Thus, Objectivism contends, the fundamental right of human beings is the right to life. By this phrase Objectivism means the right to act in furtherance of one's own life — not the right to have one's life protected, or to have one's survival guaranteed, by the involuntary effort of other human beings. Indeed, on the Objectivist account, one of the corollaries of the right to life is the right to property which, according to Objectivism, always represents the product of one's own effort; on this view, one person's right to life cannot entail the right to dispose of another's private property, under any circumstances. Under Objectivism, one has the right to transfer one's own property to whomever one wants for whatever reason, but such a transfer is only ethical if it is made under the terms of a trade freely consented to by both parties, in the absence of any form of coercion, each with the expectation that the trade will benefit them. Objectivism holds that human beings have the right to manipulate nature in any way they see fit, as long as it does not infringe on the rights of others. From this, the right to property arises.
On the Objectivist account, the rights of other human beings are not of direct moral import to the agent who respects them; they acquire their moral purchase through an intermediate step. An Objectivist respects the rights of other human beings out of the recognition of the value to himself or herself of living in a world in which the freedom of action of other rational (or potentially rational) human beings is respected.
According to Objectivism, then, one's respect for the rights of others is founded on the value, to oneself, of other persons as actual or potential trading partners (whether it be trading in a material or emotional sense). Here is where Objectivism's claim about conflicts of interest attains its full significance: on the Objectivist view, it is precisely because there are no such (irresoluble) conflicts that it is possible for human beings to prosper in a rights-respecting society.
Objectivist political theory therefore defends capitalism as the ideal form of human society. Objectivism reserves the name "capitalism" for full laissez-faire capitalism — i.e., a society in which individual rights are consistently respected and in which all property is (therefore) privately owned. Any system short of this is regarded by Objectivists as a "mixed economy" consisting of certain aspects of capitalism and its opposite (usually called socialism or statism), with pure socialism and/or tyranny at the opposite extreme.
Far from regarding capitalism as a dog-eat-dog pattern of social organization, Objectivism regards it as a beneficent system in which the innovations of the most creative benefit everyone else in the society at no loss to anyone. Indeed, Objectivism values creative achievement itself and regards capitalism as the only kind of society in which it can flourish.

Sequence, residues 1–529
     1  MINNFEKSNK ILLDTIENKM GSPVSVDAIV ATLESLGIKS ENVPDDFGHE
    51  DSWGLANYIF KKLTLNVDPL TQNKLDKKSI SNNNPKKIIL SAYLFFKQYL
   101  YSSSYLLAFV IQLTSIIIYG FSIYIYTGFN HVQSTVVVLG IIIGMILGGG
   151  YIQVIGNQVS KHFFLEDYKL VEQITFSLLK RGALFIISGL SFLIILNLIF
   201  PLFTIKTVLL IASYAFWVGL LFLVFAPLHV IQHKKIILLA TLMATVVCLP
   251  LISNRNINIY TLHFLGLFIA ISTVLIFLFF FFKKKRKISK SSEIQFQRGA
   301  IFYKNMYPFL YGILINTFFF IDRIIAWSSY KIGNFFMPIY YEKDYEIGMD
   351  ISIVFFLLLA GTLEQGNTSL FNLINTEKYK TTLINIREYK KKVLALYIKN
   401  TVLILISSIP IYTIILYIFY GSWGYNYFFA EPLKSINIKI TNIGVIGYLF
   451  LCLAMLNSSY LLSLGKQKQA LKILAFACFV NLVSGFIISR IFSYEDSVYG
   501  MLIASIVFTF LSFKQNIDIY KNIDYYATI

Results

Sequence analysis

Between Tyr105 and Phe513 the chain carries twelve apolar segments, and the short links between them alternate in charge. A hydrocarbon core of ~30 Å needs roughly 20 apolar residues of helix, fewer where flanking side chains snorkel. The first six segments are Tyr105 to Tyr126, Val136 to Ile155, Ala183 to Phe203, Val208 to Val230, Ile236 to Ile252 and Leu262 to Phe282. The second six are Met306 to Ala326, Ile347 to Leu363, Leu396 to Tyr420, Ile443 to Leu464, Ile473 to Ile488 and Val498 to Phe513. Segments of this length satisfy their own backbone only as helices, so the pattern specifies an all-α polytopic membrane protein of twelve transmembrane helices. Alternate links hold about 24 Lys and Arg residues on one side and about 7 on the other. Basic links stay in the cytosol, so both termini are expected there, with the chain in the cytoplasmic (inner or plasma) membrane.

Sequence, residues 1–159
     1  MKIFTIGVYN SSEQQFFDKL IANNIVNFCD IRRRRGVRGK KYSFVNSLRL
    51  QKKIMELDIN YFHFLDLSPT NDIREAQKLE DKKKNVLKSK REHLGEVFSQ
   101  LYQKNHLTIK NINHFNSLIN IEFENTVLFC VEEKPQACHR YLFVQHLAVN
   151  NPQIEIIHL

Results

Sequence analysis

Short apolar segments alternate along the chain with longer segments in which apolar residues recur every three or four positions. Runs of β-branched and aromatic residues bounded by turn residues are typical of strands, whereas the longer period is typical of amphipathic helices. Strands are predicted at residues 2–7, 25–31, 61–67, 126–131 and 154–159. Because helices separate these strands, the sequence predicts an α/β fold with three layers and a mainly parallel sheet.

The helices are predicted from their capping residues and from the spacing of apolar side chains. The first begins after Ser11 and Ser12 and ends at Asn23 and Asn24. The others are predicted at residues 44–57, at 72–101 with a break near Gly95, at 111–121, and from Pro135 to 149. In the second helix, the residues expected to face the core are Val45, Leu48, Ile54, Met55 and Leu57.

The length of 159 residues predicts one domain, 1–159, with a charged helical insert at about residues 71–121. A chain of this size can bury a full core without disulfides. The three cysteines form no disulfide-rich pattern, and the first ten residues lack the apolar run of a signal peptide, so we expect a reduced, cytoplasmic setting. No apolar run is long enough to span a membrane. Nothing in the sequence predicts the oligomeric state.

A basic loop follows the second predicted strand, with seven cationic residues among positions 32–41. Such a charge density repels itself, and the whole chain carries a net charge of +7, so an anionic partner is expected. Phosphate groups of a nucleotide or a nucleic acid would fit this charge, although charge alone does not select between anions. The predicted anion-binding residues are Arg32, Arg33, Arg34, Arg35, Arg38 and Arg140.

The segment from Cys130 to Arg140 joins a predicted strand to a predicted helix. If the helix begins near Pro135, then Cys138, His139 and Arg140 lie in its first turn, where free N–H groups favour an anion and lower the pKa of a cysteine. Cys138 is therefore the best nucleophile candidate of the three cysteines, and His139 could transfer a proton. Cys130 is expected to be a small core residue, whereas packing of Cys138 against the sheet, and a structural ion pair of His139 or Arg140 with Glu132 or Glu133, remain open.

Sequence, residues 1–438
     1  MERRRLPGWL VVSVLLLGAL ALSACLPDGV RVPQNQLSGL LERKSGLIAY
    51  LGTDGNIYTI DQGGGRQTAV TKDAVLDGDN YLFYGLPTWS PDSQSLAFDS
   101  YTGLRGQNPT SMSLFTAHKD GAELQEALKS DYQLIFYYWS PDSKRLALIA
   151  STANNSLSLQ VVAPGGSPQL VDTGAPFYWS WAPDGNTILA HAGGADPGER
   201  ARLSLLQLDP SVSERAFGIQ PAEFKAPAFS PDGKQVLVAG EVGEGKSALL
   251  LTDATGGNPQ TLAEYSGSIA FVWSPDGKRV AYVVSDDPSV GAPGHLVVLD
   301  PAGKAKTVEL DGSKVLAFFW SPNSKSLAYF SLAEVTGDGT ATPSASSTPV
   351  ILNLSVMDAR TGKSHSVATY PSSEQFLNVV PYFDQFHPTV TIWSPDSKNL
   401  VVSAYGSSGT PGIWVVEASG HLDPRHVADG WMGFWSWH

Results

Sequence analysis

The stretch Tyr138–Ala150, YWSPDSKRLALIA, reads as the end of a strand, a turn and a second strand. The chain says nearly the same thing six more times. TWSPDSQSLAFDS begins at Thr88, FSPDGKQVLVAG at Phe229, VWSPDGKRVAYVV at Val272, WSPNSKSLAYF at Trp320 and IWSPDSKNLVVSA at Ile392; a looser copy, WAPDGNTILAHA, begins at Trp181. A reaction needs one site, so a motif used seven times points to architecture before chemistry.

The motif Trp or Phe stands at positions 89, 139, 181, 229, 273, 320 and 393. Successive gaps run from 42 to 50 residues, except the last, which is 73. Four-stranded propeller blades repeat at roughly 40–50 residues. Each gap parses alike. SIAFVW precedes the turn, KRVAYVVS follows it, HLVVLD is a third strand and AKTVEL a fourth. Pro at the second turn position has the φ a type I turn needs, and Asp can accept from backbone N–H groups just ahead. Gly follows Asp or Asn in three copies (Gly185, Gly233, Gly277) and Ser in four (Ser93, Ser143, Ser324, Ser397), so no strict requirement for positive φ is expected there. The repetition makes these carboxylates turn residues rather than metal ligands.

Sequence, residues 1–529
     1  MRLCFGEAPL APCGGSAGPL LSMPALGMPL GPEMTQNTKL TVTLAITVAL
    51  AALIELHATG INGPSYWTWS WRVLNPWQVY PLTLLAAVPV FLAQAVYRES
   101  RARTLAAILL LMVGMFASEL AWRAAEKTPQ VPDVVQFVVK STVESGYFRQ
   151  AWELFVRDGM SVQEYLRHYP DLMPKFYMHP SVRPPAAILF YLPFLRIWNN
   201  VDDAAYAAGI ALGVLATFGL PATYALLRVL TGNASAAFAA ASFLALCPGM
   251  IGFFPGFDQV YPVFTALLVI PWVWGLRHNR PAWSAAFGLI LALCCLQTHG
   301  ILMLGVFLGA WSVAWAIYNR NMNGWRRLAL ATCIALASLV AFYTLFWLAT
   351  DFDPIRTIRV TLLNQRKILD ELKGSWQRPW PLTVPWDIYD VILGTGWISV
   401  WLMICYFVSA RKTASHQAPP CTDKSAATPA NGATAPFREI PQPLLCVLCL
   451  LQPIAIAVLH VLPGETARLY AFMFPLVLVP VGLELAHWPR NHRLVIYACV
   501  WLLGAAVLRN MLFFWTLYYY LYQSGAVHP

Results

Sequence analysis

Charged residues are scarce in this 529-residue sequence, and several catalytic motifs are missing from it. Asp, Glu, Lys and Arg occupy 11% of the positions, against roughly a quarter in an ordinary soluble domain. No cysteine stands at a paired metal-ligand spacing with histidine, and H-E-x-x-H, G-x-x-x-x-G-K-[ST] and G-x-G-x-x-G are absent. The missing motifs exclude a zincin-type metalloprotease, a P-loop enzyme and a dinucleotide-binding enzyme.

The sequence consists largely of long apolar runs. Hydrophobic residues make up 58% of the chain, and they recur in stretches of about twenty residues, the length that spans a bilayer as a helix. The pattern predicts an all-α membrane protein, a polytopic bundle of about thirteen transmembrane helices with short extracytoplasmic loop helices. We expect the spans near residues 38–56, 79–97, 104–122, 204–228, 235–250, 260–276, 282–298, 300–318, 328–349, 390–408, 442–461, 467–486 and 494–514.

A society is, by Objectivist standards, moral to the extent that individuals are free to pursue their goals. This freedom requires that human relationships of all forms be voluntary (which, in the Objectivist view, means that they must not involve the use of physical force), mutual consent being the defining characteristic of a free society. Thus the proper role of institutions of governance is limited to using force in retaliation against those who initiate its use — i.e., against criminals and foreign aggressors. Economically, people are free to produce and exchange as they see fit, with as complete a separation of state and economics as of state and church.
Main article: Libertarianism and Objectivism
Libertarianism and Objectivism have a complex relationship. Though they share many of the same political goals, Objectivists see some libertarians as plagiarists of their ideas "with the teeth pulled out of them," whereas some libertarians see Objectivists as dogmatic, unrealistic, and uncompromising. According to Reason editor Nick Gillespie in the magazine's March 2005 issue focusing on Objectivism's influence, Ayn Rand is "one of the most important figures in the libertarian movement... A century after her birth and more than a decade after her death, Rand remains one of the best-selling and most widely influential figures in American thought and culture" in general and in libertarianism in particular. Still, he confesses that he is embarrassed by his magazine's association with her ideas. In the same issue, Cathy Young says that "Libertarianism, the movement most closely connected to Rand’s ideas, is less an offspring than a rebel stepchild."
Though they reject what they see as Randian dogmas, libertarians like Young still concede that "Rand was the most successful and widely read popularizer of the ideas of individual liberty and the free market of her day. In the 21st century... Rand’s message of reason and liberty... could be a rallying point" for a less dogmatic political movement with similar goals like libertarianism.
Ayn Rand herself claimed to despise libertarianism, and this is the position of most of her dedicated 'orthodox' followers.
Esthetics: Romanticism Edit